employers into the trust exclusively for the purpose of
    paying benefits to the enrollees of the Program, for the
    cost of administration of the Program, and for investments
    made for the benefit of the Program.

    Section 30. Duties of the Board. In addition to the other
duties and responsibilities stated in this Act, the Board
shall:
    (a) Cause the Program to be designed, established and
operated in a manner that:
        (1) accords with best practices for retirement savings
    vehicles;
        (2) maximizes participation, savings, and sound
    investment practices;
        (3) maximizes simplicity, including ease of
    administration for participating employers and enrollees;
        (4) provides an efficient product to enrollees by
    pooling investment funds;
        (5) ensures the portability of benefits; and
        (6) provides for the deaccumulation of enrollee assets
    in a manner that maximizes financial security in
    retirement.
    (b) Appoint a trustee to the IRA Fund in compliance with
Section 408 of the Internal Revenue Code.
    (c) Explore and establish investment options, subject to
Section 45 of this Act, that offer employees returns on
contributions and the conversion of individual retirement
savings account balances to secure retirement income without
incurring debt or liabilities to the State.
    (d) Establish the process by which interest, investment
earnings, and investment losses are allocated to individual
program accounts on a pro rata basis and are computed at the
interest rate on the balance of an individual's account.
    (e) Make and enter into contracts necessary for the
administration of the Program and Fund, including, but not
limited to, retaining and contracting with investment
managers, private financial institutions, other financial and
service providers, consultants, actuaries, counsel, auditors,
third-party administrators, and other professionals as
necessary.
    (e-5) Conduct a review of the performance of any investment
vendors every 4 years, including, but not limited to, a review
of returns, fees, and customer service. A copy of reviews
conducted under this subsection (e-5) shall be posted to the
Board's Internet website.
    (f) Determine the number and duties of staff members needed
to administer the Program and assemble such a staff, including,
as needed, employing staff, appointing a Program
administrator, and entering into contracts with the State
Treasurer to make employees of the State Treasurer's Office
available to administer the Program.
    (g) Cause moneys in the Fund to be held and invested as
pooled investments described in Section 45 of this Act, with a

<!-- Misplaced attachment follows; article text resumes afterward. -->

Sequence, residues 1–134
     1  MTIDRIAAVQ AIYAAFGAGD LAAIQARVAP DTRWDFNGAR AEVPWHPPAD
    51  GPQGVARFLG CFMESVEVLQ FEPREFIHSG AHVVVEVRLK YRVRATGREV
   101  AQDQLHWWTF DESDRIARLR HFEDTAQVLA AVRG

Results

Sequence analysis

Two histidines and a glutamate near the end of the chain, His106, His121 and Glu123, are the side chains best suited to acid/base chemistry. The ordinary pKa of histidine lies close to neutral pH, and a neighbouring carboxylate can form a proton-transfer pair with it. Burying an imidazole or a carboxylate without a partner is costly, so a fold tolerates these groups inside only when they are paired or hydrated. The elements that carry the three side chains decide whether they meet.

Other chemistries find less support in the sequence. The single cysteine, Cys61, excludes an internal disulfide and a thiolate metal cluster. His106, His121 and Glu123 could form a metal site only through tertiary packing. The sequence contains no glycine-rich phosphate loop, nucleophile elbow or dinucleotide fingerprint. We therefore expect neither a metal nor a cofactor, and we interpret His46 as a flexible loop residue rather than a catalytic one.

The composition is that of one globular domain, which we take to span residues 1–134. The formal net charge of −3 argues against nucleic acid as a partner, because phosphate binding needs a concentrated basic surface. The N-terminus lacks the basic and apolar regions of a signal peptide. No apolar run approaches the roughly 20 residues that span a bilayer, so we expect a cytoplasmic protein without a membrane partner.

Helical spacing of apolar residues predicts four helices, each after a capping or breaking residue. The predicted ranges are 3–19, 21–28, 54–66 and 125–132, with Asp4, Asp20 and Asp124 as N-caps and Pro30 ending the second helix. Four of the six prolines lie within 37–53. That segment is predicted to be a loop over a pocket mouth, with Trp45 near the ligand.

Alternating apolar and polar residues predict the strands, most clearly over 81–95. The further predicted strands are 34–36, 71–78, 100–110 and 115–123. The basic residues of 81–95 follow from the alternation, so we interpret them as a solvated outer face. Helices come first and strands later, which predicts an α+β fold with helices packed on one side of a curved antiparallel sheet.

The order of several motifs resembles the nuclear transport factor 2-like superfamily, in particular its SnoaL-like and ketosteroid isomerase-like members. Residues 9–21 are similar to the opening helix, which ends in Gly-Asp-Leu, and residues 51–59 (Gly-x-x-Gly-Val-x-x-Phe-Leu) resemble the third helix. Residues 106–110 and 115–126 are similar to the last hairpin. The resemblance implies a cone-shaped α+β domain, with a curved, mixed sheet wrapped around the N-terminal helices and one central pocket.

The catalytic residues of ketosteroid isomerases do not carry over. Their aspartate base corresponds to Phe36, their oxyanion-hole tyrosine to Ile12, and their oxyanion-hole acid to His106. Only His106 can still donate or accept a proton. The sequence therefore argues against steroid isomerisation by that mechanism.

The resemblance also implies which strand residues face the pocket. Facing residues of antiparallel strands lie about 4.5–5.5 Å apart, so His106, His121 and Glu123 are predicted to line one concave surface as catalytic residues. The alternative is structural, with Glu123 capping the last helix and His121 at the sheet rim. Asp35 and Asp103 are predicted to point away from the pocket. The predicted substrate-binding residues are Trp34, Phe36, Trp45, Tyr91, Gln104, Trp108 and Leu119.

view to achieving cost savings through efficiencies and
economies of scale.
    (h) Evaluate and establish the process by which an enrollee
is able to contribute a portion of his or her wages to the
Program for automatic deposit of those contributions and the
process by which the participating employer provides a payroll
deposit retirement savings arrangement to forward those
contributions and related information to the Program,
including, but not limited to, contracting with financial
service companies and third-party administrators with the
capability to receive and process employee information and
contributions for payroll deposit retirement savings
arrangements or similar arrangements.
    (i) Design and establish the process for enrollment under
Section 60 of this Act, including the process by which an
employee can opt not to participate in the Program, select a
contribution level, select an investment option, and terminate
participation in the Program.
    (j) Evaluate and establish the process by which an
individual may voluntarily enroll in and make contributions to
the Program.
    (k) Accept any grants, appropriations, or other moneys from
the State, any unit of federal, State, or local government, or
any other person, firm, partnership, or corporation solely for
deposit into the Fund, whether for investment or administrative
purposes.
    (l) Evaluate the need for, and procure as needed, insurance
against any and all loss in connection with the property,
assets, or activities of the Program, and indemnify as needed
each member of the Board from personal loss or liability
resulting from a member's action or inaction as a member of the
Board.
    (m) Make provisions for the payment of administrative costs
and expenses for the creation, management, and operation of the
Program, including the costs associated with subsection (b) of
Section 20 of this Act, subsections (e), (f), (h), and (l) of
this Section, subsection (b) of Section 45 of this Act,
subsection (a) of Section 80 of this Act, and subsection (n) of
Section 85 of this Act. Subject to appropriation, the State may
pay administrative costs associated with the creation and
management of the Program until sufficient assets are available
in the Fund for that purpose. Thereafter, all administrative
costs of the Fund, including repayment of any start-up funds
provided by the State, shall be paid only out of moneys on
deposit therein. However, private funds or federal funding
received under subsection (k) of Section 30 of this Act in
order to implement the Program until the Fund is
self-sustaining shall not be repaid unless those funds were
offered contingent upon the promise of such repayment. The